Lessons of Solidarity resonate more than ever

THE STATE must protect freedoms as well as safety, says James Wolffe
The leader of the banned Polish trade union Solidarity, Lech Walesa (centre) flashes a V-sign in 1988 in Gdansk. Picture: AFP/GettyThe leader of the banned Polish trade union Solidarity, Lech Walesa (centre) flashes a V-sign in 1988 in Gdansk. Picture: AFP/Getty
The leader of the banned Polish trade union Solidarity, Lech Walesa (centre) flashes a V-sign in 1988 in Gdansk. Picture: AFP/Getty

Recently, I attended a meeting of the Council of European Bars and Law Societies, the CCBE, in Gdansk. The CCBE represents the bars and law societies of Europe – and, through them, more than one million European lawyers. It provides a forum within which the European bars can discuss issues of common interest and is the voice of the legal profession at European level.

The Gdansk meeting took place in the Occupational Health and Safety Building of Gdansk Shipyard. From this building, Solidarity, led by Lech Walesa, organised the strikes which led, in 1980, to the recognition of free trade unions for the first time in Communist Europe – the first step towards a free and democratic Poland, and, indeed, towards the collapse of Communism across eastern and central Europe.

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We heard addresses from two sons of Gdansk: Lech Walesa himself, and Donald Tusk, the current President of the European Council. Lech Walesa spoke about the events of 1980. He communicated the moral courage of those involved, when no-one could have predicted how events would unfold, and there was a substantial Soviet military presence in Poland.

President Tusk referred, in his remarks, to the role of the legal profession in upholding the rule of law as an element of a free and democratic society. It was moving to be reminded of that truth, in that setting, and in the company of colleagues from the independent bars and law societies of countries which, before 1989, did not enjoy rights and freedoms which we take for granted.

The involvement in the CCBE of lawyers from countries with very diverse historical experiences enriches its work. Take the issue of surveillance, which is currently on the CCBE’s agenda. Lawyers from countries which, before 1989, had Communist regimes have a particularly acute appreciation of the way in which state surveillance can undermine not only individual privacy but – if directed at lawyers – the fair administration of justice, and the rule of law itself.

As my 17th-century predecessor, Sir George Mackenzie, said: “It is in the interest of the Commonwealth to have that freedom allowed, and secured without which men cannot manage their affairs and private business.” He recognised then, as all of us should today, that the confidentiality of communications between lawyers and their clients must be protected if clients are to be properly represented, and if lawyers are to fulfil their proper role in the administration of justice.

The issue is a very live one. In February, the UK government conceded, in the Belhaj case, that since January 2010 the regime for interception/obtaining, analysis, use, disclosure and destruction of legally privileged material has been unlawful; and the government is consulting on a revised code of practice. On 1 July, a Dutch court concluded – in a case in which the CCBE intervened – that the arrangements under which the Dutch security services may breach lawyer-client confidentiality are not attended with sufficient safeguards. The court has given the Dutch government six months in which to remedy the deficiencies.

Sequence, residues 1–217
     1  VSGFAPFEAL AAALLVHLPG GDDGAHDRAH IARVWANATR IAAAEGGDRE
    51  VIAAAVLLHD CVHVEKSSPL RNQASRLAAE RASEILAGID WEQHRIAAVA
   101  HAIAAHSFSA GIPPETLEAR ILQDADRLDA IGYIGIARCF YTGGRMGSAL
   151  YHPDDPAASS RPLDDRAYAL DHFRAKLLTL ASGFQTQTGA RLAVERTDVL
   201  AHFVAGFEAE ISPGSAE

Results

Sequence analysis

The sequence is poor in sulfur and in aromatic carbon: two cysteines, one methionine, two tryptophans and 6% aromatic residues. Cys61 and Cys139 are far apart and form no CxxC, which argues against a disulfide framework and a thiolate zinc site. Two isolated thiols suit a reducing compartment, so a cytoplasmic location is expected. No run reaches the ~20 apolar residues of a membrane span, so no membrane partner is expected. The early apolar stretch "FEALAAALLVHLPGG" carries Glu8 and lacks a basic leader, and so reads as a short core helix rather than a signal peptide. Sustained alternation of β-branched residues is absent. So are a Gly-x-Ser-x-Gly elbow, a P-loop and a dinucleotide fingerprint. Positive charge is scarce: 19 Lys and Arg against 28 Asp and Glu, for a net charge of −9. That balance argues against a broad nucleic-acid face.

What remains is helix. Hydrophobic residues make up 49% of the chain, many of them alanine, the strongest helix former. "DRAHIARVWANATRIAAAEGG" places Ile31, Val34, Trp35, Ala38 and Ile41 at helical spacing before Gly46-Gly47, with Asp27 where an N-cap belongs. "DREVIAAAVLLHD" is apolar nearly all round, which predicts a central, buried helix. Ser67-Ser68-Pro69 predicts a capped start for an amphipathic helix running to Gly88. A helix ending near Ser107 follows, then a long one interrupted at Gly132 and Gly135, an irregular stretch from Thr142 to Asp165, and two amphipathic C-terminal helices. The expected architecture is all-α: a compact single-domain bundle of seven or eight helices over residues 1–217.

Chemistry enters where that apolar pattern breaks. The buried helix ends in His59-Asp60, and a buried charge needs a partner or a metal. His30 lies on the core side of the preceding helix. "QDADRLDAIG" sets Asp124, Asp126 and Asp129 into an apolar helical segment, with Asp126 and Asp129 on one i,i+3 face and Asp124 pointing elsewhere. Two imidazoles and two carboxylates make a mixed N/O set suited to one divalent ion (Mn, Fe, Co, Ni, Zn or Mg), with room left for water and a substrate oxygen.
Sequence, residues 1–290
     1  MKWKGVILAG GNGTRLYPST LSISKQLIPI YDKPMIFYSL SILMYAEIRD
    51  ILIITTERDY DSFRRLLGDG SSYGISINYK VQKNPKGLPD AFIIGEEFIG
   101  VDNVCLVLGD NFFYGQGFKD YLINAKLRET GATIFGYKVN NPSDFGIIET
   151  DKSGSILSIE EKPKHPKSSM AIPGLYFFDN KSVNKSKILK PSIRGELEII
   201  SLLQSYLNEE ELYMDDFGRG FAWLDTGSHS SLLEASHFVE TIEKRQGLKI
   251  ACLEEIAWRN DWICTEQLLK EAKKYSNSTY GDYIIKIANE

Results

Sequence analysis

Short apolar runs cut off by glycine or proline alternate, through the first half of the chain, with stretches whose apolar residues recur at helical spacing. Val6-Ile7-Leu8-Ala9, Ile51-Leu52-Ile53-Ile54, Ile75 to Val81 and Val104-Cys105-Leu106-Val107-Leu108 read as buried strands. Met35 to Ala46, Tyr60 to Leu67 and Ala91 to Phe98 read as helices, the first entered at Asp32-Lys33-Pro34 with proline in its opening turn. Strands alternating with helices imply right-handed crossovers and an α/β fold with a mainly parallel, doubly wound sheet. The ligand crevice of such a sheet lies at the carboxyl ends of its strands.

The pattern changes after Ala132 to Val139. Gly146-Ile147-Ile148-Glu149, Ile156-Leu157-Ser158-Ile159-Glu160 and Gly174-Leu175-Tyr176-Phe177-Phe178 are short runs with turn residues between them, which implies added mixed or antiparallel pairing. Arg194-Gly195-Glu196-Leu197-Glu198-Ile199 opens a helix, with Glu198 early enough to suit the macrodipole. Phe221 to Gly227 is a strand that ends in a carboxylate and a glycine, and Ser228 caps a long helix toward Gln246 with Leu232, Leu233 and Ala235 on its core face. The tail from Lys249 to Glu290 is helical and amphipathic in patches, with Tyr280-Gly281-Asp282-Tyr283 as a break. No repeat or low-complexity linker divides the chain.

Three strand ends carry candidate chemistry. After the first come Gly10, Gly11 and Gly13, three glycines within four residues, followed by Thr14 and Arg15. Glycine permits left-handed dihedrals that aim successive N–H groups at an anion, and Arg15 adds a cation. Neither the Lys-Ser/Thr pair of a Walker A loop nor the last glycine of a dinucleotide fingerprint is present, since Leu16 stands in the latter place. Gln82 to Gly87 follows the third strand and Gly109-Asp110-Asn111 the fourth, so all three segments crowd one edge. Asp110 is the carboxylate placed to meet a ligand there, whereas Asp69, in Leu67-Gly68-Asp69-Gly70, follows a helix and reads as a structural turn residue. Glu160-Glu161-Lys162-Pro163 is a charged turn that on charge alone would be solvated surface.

Surveillance of lawyers is only one aspect of much larger issues concerning the use of surveillance powers. Three weeks ago, David Anderson QC, the UK government’s Independent Reviewer of Terrorism Legislation published a review of the current legislative arrangements. He concluded that we need a comprehensive new law. He described the current legal regime as “fragmented, obscure, under constant challenge and variable in the protections that it affords the innocent”.

No sensible person denies the need for the security services and other agencies, who are dedicated to keeping us safe, to have the powers they need to fulfil their tasks. But if public bodies are to be given intrusive powers, those powers must, as Mr Anderson said, “be shown to be necessary, clearly spelled out in law, limited in accordance with international human rights standards and subject to demanding and visible safeguards”. Establishing a regime which meets these criteria should only enhance the confidence of the public in the essential work of those agencies.

I hope that the UK government will accept Mr Anderson’s recommendation and bring forward legislation which strikes the right balance between security and privacy. I hope too that, in framing such legislation, the government will recognise that, in relation to lawyer-client communications, what is at stake is not privacy alone, but the absolute right, which we all enjoy, to an effective defence and to a fair trial. For the state has a responsibility to protect not only our safety, but our freedoms, too.

• James Wolffe is Dean of the Faculty of Advocates www.advocates.org.uk